According to data from 2021, two-thirds of Philadelphia third graders score below proficiency on state reading tests, while 52% of Philadelphia’s adults are functionally illiterate. This grant supports training and consulting services provided by Saint Joseph’s University faculty to Mastery Charter Schools for an initiative designed to increase the quality of literacy instruction.


Gray Outline of Bed


  PROJECT: Impact of Bed Provision and Enhanced Sleep Health Education on Sleep in Socio-Economically Disadvantaged Children

  GRANTING AGENCY: American Academy of Sleep Medicine Foundation

  PRIMARY INVESTIGATOR (PI): Jodi Mindell, PhD | professor of psychology 

This study is investigating whether providing beds and sleep health education will improve sleep in children who are experiencing poverty. Mindell is working in partnership with the Beds for Kids program, which donates beds and bedding to low-income families.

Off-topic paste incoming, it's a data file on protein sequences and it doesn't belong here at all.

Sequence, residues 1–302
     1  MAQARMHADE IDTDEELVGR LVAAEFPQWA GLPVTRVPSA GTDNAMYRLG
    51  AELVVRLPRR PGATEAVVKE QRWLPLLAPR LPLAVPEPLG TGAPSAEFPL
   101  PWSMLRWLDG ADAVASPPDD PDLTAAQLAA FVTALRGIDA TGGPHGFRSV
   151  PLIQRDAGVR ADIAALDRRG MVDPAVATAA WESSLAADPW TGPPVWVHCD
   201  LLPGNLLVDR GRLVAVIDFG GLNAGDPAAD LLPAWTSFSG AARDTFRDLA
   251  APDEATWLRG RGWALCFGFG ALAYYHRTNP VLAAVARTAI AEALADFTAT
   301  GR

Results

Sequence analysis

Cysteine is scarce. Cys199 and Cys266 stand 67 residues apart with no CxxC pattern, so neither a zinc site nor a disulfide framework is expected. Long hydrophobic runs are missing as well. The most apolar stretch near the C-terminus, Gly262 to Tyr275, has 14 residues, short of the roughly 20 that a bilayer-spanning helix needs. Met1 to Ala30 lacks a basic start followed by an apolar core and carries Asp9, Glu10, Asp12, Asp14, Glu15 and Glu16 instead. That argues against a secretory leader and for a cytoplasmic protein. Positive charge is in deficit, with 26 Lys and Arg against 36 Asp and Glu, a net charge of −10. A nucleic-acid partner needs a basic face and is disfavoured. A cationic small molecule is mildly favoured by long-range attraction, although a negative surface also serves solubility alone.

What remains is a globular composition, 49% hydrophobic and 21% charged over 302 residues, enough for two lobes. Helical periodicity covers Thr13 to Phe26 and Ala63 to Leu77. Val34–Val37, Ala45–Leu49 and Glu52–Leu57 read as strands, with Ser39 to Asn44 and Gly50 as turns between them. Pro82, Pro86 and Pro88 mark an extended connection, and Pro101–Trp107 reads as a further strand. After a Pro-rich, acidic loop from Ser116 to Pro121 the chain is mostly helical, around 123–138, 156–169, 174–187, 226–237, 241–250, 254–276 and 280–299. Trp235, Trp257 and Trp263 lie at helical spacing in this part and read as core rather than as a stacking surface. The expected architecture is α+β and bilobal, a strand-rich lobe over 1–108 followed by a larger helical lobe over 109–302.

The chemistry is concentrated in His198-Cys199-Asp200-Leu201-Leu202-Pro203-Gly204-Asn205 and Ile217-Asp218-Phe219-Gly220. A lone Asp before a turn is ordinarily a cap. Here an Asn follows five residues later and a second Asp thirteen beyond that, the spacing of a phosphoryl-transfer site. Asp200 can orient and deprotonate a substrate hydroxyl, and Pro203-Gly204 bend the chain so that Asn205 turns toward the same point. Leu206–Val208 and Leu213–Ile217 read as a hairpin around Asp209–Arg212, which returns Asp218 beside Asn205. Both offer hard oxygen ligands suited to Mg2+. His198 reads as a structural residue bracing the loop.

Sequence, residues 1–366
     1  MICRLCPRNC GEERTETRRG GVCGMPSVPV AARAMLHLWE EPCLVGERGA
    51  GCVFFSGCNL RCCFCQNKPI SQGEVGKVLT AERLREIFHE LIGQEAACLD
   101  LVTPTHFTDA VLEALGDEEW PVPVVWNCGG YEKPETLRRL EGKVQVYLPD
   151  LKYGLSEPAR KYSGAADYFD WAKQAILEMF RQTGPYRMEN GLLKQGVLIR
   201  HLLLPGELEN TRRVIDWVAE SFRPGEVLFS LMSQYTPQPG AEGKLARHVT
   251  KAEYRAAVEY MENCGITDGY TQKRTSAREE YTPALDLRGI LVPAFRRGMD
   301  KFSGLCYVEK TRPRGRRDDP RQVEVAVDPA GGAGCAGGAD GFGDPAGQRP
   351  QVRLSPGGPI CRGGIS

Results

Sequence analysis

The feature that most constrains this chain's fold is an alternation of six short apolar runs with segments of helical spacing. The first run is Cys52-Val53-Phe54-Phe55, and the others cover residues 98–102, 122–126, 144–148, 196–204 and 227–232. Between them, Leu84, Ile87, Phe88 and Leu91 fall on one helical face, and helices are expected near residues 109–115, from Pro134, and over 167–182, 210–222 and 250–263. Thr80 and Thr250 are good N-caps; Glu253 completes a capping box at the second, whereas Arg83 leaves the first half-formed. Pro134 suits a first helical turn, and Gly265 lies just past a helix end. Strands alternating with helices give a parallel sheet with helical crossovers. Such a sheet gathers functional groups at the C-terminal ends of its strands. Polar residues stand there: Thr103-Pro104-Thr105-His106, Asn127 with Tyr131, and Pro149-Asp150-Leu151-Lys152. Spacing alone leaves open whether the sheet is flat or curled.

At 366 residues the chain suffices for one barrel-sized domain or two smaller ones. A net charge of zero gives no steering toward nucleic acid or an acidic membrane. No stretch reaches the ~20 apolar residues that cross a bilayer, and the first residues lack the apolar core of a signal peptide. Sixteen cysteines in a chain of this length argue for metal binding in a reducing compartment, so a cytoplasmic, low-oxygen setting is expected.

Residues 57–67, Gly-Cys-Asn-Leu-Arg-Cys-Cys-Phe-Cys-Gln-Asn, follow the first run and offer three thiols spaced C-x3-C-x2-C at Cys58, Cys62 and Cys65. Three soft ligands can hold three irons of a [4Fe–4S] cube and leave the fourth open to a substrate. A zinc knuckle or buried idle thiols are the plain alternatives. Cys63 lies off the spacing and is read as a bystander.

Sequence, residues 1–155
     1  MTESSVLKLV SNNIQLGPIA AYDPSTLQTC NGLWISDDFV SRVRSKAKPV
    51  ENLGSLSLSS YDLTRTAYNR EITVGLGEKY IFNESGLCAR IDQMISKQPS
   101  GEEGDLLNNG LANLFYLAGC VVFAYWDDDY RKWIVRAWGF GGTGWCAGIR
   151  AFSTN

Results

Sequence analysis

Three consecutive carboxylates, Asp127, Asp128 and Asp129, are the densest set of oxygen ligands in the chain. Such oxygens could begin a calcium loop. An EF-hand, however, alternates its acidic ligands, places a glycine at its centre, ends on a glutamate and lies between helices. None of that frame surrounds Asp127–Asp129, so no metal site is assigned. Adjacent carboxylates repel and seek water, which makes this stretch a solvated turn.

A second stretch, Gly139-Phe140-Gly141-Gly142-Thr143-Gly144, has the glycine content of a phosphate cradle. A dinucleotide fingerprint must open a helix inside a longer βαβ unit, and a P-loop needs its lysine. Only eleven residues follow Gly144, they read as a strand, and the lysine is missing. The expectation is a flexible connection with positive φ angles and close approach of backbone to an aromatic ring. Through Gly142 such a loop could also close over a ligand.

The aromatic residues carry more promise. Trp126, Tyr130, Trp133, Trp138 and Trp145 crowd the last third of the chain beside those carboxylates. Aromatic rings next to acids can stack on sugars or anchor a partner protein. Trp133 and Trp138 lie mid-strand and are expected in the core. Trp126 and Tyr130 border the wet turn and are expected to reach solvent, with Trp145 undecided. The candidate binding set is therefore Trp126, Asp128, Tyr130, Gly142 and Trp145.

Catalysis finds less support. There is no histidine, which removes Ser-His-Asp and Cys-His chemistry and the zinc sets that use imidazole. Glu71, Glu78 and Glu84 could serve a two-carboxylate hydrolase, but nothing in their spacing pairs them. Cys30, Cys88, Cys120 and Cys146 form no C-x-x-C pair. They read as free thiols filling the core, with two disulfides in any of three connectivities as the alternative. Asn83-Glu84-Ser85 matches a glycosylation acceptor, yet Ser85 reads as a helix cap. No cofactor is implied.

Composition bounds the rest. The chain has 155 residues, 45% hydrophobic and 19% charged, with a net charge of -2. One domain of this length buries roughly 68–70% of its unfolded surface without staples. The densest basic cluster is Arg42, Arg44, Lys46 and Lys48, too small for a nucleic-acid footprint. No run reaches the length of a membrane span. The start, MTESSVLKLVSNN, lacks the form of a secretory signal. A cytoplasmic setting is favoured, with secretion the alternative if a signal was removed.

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  PROJECT: Investigating the Role of GABA Type A Ion Channel (GABAA) Receptors in Triple Negative Breast Cancer (TNBC) Growth

  GRANTING AGENCY:  Pennsylvania Department of Health

  PRIMARY INVESTIGATOR (PI): Asha Suryanarayanan, PhD, FPGEC | assistant professor of pharmaceutical sciences

This interdisciplinary project investigates novel roles played by ion channels in breast cancer growth. Students working on this project gain expertise in both neuroscience and breast cancer research, as ion channels are critical for brain function.